With its sleek sci-fi/fantasy aesthetic, monstrous enemies, and mech-clad heroes, you’d be forgiven for mistaking Stormgate for a new Blizzard real-time strategy. And, in a manner of speaking, you’d be right; Stormgate might not be from Blizzard, but it is from some of that company’s brightest minds. These days they’re at Frost Giant, a new studio built from scratch by a collection of ex-Blizzard developers, and they have ambitions of taking some of the best ideas from StarCraft and Warcraft to the next level.
Among those minds is Tim Morten, the softly spoken former production director of StarCraft 2. Today he’s CEO of Frost Giant, still directing the production of a multi-faceted RTS. Stormgate, he tells me, was born at least partially out of a desire to evolve one of StarCraft 2’s most successful modes: co-op.
Co-op play was an “afterthought” for StarCraft 2. “It really wasn’t something that we expected to resonate as much as it did with players,” says Morten. “But in fact it became the most popular mode in the game after we released it with Legacy of the Void. It’s clear from that, that there was an appetite to play more socially.”
‘Social’ is an important word for Frost Giant, and Stormgate is designed with multiplayer in mind. As you’d expect, there are the classic 1v1 competitive clashes, but these are supported by a tournament system directly built into the game. Forget forums, Twitter, or Discord; you’ll be able to create leagues, teams, friends, and rivalries within Stormgate itself.
But co-op isn’t being considered as a casual mode on the side. It will run through everything, so much so that it feels like the game’s flashship idea. Story-driven campaign missions will be playable with a friend, and three players will be able to take on AI foes in the cooperative ‘3vE’ mode. Even competitive multiplayer will have a co-operative offering via 3v3 team battles.
Beyond competitive and cooperative modes, Stormgate will also feature an in-game editor, which Frost Giant hopes will allow a creative community to thrive as it shares new maps and modes. “Literally every part of the game is meant to provide a more social experience,” says Morten.
While Frost Giant is a brand new company and Stormgate is the studio’s debut, the team already comes pre-equipped with reams of valuable research gathered during their previous projects. Work on StarCraft 2’s co-op mode, for instance, provided Frost Giant with a lot of useful information for building a game geared towards cooperative strategy.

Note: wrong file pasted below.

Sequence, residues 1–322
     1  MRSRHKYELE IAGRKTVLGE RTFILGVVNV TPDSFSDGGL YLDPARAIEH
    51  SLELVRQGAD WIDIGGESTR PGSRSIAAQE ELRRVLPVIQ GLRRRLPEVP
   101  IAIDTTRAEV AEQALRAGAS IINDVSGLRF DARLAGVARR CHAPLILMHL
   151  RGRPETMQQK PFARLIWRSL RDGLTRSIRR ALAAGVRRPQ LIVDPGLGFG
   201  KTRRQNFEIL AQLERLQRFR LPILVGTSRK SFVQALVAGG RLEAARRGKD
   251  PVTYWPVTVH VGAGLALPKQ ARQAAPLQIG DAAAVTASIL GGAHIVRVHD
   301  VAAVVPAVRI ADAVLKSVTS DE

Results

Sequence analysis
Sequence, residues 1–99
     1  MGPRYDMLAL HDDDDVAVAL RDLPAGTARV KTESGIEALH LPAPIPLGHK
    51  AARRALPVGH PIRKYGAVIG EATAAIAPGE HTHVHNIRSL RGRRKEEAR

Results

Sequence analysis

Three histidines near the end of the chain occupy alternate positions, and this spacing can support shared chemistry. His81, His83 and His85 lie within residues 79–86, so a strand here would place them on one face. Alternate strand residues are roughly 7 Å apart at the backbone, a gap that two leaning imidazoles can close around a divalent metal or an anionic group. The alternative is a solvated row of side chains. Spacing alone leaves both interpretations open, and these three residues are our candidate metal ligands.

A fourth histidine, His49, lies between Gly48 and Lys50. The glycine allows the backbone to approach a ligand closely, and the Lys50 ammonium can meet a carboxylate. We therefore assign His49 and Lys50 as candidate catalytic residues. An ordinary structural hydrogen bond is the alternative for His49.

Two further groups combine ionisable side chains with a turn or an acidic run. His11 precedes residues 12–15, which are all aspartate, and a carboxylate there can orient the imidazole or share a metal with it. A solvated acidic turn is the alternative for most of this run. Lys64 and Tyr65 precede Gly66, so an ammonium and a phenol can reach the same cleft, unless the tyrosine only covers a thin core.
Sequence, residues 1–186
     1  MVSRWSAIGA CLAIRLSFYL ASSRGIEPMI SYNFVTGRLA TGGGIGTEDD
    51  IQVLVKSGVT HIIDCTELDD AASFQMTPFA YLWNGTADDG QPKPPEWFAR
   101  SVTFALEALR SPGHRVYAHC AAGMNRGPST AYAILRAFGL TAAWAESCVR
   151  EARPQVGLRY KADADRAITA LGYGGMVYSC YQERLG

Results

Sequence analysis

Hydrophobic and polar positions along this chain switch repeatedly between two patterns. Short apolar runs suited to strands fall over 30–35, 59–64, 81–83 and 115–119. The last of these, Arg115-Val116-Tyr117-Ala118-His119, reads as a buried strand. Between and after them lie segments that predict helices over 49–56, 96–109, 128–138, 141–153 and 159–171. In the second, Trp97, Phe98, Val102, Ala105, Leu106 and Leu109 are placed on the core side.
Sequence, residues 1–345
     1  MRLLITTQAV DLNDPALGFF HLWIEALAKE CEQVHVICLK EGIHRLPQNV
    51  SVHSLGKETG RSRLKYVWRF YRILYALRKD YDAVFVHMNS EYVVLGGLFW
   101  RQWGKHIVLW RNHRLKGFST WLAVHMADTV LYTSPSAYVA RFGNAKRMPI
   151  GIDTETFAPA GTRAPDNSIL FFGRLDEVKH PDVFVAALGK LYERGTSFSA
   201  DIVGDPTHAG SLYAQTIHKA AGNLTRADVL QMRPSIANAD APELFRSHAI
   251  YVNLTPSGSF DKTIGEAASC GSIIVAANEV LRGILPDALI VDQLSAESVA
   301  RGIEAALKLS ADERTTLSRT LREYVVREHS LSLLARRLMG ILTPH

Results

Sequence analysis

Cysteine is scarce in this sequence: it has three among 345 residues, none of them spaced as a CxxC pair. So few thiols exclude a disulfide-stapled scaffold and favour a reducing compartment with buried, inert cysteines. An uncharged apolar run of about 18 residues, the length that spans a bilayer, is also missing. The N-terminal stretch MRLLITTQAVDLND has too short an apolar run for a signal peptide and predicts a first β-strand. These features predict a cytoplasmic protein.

“The learning from the cooperative mode in StarCraft 2 was that players preferred building their own bases and their own armies, versus a shared base and a shared army,” explains Morten. “So we are going down a path where players will get to control all their own game pieces. At the same time, we’re building the missions and we’re also designing the heroes for cooperative mode in such a way that it is not an isolated experience. You’re not off in one corner playing one experience, while somebody’s off in another corner playing their own experience.”
Working alongside Morten is Tim Campbell, president of Frost Giant and Stormgate’s game director. Having previously worked on Warcraft 3, he knows a thing or two about crafting a good strategy game. Making that work across two or three armies playing in tandem, though, is an ongoing process.
“We’ve tried to look for opportunities throughout the tech tree, throughout our ability design, throughout the gameplay and the objectives, for closer cooperation,” he explains. “We’re doing a lot of iteration and experimentation on the gameplay right now.”
With all this talk of social play, it may be easy to assume Stormgate is a casual RTS. And you’d be right, to a small extent. Frost Giant wants everyone, regardless of skill level, to find fun in Stormgate.
“We’re really trying to make this core experience that we all know and love about traditional RTS, and find a way to open it up for more people to be able to enjoy,” says Campbell. “We’re offering ways for players to be able to bring their friends in, play together, have this great, positive social experience, regardless of whether they’re at different skill levels, and just try to support that end throughout our game experience.”